These were not mercenary actions. Above all, and in spite of unspeakable tragedy, orderly calm financial markets must be maintained. Our global community today is so interdependent on each other that actions in one continent can cause significant reactions elsewhere. Additionally, our world functions on the free flow of cash. Major nations and their monetary centers provided support by assuring that liquidity was available in the markets that were open, while the United States Federal Reserve acted immediately to increased money supply in the United States, even to trucking additional cash to banks.

We consider what took place in the weeks and months afterwards for all those survivors. After the terribly sad good-byes are said, reality sets in. Life had to go on, money had to be found to buy essentials, food, diapers, transportation, and medicine. Children went back to school. Those who lost partners had to cope with a one-income family. Finances were reviewed; insurance claims sorted out; employment had to be resumed; a semblance of normality and structure gradually returned.

Individuals looked to their families and community for the emotional and practical support that has always been provided in times of trouble. They needed their families and their community to help them bear this overwhelming burden.

Bermuda lost as well. Rhonda Tankard and Boyd Gatton were both employed by companies based in the World Trade Center. They, too, went to work that day in New York, away from our home country seeking to gain valuable experience and advance professionally, never to return. Many insurance-related professionals affiliated with exempt companies here on island were also lost. They were just doing their jobs in a normal day. We remember them all.

We also lost forever a sense of security and complacency.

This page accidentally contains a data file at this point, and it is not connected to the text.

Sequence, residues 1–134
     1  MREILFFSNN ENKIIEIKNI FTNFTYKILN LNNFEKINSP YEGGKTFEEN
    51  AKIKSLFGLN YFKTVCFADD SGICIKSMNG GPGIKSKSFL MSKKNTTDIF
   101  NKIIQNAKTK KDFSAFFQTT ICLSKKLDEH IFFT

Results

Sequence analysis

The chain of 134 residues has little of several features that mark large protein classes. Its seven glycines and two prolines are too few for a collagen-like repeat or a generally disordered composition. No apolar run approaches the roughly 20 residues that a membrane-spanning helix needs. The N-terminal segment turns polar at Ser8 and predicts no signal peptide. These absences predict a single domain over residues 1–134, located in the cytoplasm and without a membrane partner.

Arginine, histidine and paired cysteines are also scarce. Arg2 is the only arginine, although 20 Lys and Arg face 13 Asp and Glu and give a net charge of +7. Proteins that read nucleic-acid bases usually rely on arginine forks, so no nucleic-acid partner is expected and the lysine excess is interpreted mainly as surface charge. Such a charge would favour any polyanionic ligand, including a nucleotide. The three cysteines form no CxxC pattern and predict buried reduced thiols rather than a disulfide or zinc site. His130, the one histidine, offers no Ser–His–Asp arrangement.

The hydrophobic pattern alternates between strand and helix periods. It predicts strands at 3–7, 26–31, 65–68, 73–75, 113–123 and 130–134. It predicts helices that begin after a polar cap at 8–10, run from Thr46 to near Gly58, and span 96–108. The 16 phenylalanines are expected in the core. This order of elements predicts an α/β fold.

I do not think that I was the only one that counted how many days the airspace and sea access into the United States was blocked. No sea or air traffic into or out of our island. Period.


We need to remember this scary uncertainty, when we think we don’t need anyone but ourselves to drive our economy.

America is a great nation. We derive enormous benefits from our proximity, commerce, guest workers, tourists, investments and support. We need to remember this as well.

Life can be temporary and fleeting. On this day of memoriam, think of reaching out to your family. If you have been on the “outs”, for whatever reason, use this time to mend fences, get back on the “ins” with your family. You need them and they need you. Do something for someone today, extra and unasked and un-noticed. Do this for your own soul.

More than ever before, we should be grateful for what we do have. If you have had hard thoughts and hard words about the way things are going, hold them back for now. This is time for community building.

Let’s take inspiration from the resilience of the citizens of New York, absolutely determined to carry on. And they did.

It is time for positive change.

Martha Harris Myron